Crescent Callisto as seen from a distance of 410,000 kilometers by Voyager 1, with a resolution of 4 kilometers. The north pole is located about midway along the terminator (inside edge of crescent). Color images from a previous image sequence were used to produce this approximately "natural" color view.


Callisto is the outermost of Jupiter's four planet-sized moons and is dominated by impact craters. Despite this, a few more interesting features are also visible, including gigantic impact basins, suggestions of ancient volcanism, and a few ancient tectonic features. Among the most interesting features on Callisto are impact scars from tidally disrupted comets. Callisto is nearly as large as the planet Mercury. Its bulk density, however, is only ~1.8 grams per cubic centimeter, or only twice that of water ice. This indicates that the interior is approximately half water ice as well. Callisto is very similar in bulk properties to Ganymede, but apparently had a much simpler geologic history. The different geologic histories of these two bodies has been an important problem for planetary scientists, which may be related to the orbital and tidal evolution of Ganymede.

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This global view of Callisto was obtained by Voyager 1 in 1979. At this distance, Callisto is dominated by bright spots. At high resolution, these spots are revealed to be fresh, young impact craters and their ejecta patterns. Callisto is relatively brownish in color, possibly due to the contamination of the icy surface by meteoritic material.

Callisto & Ganymede Compared

Both Callisto and Ganymede are covered by huge tracts of relatively dark, heavily cratered terrains, shown here at similar image resolution and solar illumination. Ancient dark terrain on Ganymede is complex. Numerous parallel troughs (furrows) are probably part of a vast impact structure, similar to the rings observed at Valhalla (see below). Numerous scarps, smooth dark features, and thick crater-floor domes occur throughout dark terrain on Ganymede and indicate a complex geologic history. Ancient dark terrain on Callisto appears to have had a simpler geologic history. Scarps, furrows, and domes are rarely seen.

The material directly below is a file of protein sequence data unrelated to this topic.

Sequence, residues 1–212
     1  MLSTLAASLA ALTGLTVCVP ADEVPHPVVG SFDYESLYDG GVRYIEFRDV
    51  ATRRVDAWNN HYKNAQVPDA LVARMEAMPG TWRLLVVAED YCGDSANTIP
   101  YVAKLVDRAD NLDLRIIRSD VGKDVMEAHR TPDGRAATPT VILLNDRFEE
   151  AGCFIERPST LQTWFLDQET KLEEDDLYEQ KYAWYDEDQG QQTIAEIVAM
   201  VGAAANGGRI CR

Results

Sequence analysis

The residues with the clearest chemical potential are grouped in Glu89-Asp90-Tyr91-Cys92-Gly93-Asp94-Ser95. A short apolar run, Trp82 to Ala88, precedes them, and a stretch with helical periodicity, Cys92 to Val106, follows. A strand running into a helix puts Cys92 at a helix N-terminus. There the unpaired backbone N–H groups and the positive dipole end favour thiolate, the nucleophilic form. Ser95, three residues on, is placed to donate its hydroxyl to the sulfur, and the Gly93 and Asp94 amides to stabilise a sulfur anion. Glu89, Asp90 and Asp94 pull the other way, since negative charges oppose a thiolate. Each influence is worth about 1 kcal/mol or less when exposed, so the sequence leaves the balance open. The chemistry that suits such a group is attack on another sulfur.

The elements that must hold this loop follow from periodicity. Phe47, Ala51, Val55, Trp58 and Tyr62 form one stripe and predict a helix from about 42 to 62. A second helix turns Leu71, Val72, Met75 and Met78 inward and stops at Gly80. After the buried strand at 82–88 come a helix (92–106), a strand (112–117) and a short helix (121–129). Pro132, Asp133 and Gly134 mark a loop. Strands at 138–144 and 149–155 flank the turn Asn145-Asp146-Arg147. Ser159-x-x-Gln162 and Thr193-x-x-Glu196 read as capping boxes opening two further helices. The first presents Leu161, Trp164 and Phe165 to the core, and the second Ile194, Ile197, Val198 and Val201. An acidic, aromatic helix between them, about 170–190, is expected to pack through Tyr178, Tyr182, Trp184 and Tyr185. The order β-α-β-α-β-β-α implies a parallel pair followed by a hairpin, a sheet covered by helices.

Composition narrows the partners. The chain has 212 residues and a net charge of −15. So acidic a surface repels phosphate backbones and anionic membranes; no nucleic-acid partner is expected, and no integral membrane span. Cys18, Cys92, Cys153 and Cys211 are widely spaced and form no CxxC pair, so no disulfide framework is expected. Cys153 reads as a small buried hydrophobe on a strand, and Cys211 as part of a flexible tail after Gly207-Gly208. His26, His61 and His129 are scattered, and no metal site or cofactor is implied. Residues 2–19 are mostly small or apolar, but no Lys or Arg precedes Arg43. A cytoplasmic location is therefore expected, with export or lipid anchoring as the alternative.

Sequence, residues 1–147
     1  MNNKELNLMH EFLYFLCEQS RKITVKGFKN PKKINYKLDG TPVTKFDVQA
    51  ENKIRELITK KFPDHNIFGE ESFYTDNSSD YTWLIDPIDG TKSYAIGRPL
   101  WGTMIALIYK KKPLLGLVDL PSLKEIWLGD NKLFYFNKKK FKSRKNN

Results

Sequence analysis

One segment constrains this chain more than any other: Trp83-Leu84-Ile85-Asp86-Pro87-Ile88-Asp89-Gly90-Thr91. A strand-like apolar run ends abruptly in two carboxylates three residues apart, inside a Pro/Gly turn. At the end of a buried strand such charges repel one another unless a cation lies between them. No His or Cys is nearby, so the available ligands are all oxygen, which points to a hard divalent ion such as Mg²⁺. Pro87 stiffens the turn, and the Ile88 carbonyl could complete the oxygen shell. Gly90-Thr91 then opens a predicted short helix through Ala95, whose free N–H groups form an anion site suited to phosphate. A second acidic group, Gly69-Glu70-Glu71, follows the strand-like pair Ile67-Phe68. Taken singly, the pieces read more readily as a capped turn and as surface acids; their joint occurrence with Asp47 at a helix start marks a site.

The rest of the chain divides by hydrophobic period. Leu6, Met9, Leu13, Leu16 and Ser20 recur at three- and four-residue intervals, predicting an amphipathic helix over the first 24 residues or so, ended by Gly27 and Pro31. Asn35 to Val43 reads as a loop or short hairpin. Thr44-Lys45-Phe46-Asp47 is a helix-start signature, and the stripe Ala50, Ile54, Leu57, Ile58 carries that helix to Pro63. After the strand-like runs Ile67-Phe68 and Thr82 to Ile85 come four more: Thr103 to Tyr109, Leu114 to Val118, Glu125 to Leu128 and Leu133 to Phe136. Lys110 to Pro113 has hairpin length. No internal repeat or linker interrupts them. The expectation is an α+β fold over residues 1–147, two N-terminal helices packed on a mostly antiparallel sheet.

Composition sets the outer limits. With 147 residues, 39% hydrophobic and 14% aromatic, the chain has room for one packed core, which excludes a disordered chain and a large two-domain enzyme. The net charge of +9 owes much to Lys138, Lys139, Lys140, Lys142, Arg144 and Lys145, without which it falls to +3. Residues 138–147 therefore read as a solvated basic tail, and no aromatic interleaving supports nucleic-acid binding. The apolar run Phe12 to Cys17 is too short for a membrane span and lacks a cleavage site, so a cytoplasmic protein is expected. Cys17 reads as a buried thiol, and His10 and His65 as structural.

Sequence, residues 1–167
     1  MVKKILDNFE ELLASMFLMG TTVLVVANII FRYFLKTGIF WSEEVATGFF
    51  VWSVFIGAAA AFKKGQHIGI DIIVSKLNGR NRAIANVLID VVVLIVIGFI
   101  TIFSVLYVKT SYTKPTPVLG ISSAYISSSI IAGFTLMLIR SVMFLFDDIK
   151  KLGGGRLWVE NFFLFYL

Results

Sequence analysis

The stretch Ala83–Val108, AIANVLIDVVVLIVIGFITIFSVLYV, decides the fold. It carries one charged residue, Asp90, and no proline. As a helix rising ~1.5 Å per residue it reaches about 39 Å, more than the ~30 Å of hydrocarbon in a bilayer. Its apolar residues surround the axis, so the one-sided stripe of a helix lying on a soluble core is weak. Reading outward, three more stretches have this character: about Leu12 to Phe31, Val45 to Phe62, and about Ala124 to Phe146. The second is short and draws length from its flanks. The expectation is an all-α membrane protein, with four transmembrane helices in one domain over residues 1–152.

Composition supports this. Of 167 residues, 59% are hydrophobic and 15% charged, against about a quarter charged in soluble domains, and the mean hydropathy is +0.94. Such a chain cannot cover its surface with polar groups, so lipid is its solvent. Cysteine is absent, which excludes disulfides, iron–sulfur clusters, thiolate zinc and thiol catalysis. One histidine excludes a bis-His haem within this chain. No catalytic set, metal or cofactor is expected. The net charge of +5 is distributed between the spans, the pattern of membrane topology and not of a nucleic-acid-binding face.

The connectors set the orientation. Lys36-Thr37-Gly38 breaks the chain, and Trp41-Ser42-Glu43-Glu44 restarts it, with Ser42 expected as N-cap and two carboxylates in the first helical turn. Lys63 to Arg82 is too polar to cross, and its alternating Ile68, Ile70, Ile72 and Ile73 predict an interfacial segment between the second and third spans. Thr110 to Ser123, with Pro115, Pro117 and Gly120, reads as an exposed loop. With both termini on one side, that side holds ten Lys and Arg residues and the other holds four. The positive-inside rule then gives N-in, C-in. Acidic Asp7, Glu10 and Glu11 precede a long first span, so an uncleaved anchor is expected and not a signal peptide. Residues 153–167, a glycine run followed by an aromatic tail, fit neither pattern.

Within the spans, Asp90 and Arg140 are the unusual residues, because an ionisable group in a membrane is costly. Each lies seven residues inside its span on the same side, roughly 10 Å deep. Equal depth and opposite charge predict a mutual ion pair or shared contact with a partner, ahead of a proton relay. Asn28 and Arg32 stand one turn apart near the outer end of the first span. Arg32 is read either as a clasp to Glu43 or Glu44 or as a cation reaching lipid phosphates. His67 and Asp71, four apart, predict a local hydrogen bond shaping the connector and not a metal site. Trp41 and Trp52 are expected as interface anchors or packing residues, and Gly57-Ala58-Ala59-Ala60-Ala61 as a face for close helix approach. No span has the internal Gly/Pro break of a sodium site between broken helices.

Valhalla Multiring Basin

This 4000-kilometer-wide impact structure consists of at least 25 concentric rings or ring arcs, and is one of the most unusual impact structures in the solar system. The unusual number of rings may be due to impact into a thin, icy lithosphere, which fractured very easily when the basin collapsed.


Gomul Catena

There are eight prominent crater chains on Callisto. They probably formed by the impact of comets that were tidally disrupted by the planet Jupiter, like the split comet Shoemaker-Levy 9 in 1992-1994. The observed number of chains suggests that comets are disrupted by Jupiter an average of once per 275 years or so. Gomul Catena is ~350 kilometers long, with craters up to 25 kilometers wide (scale bar is 100 kilometers long). The arcuate scarps are part of the vast Valhalla multiring impact basin.

Gipul Catena

This and other unusual crater chains on Callisto formed by the impact of tidally disrupted comets. This chain is ~620 kilometers long, with craters up to 40 kilometers across (scale bar is 100 km long). Gipul Catena is located near the north pole of Callisto. Several similar crater chains have also been identified on Ganymede.

Comet Shoemaker-Levy 9

This comet was shattered into ~21 fragments by tidal forces of Jupiter in July 1992. This Hubble Space Telescope image shows the comet in early 1994, prior to their plunge into Jupiter's atmosphere. The planet Earth has been added to show the scale of this string of comet fragments, although each individual fragment was probably no bigger than a kilometer or so. The bright areas surrounding each fragment are large halos of reflective dust. Compare this "string of pearls" with the prominent crater chains on Callisto. (Image courtesy of STScI and LPI.)

All images by Paul M. Schenk, Lunar and Planetary Institute, Houston, TX.

©Lunar and Planetary Institute, 1997

Supplemental Reading Materials

Beatty J. K., O'Leary B., and Chaikin A., eds. (1990) The New Solar System. Sky Publishing Corporation, Cambridge, Massachusetts; Cambridge University Press, New York. 326 pp.

Moons and Rings (1991) Voyage Through the Universe series. Time-Life Books, Alexandria, Virginia. 144 pp.

Rothery D. (1992) Satellites of the Outer Planets. Clarendon Press, Oxford. 208 pp.

McKinnon W. and Parmentier E. (1986) Ganymede and Callisto. In Satellites (J. Burns and M. Matthews, eds.), p. 437, University of Arizona Press, Tucson.

Morrison D., ed. (1982) Satellites of Jupiter. University of Arizona Press, Tucson. 972 pp.

Schenk P. (1995) The geology of Callisto. Journal of Geophysical Research, 100, 19023.

Schenk P. (1993) Central pit and dome craters: Exposing the interiors of Ganymede and Callisto. Journal of Geophysical Research, 98, 7475.

Schenk P. et al. (1996) Cometary nuclei and tidal disruption: The geologic record of crater chains on Callisto and Ganymede. Icarus, 121, 249-274.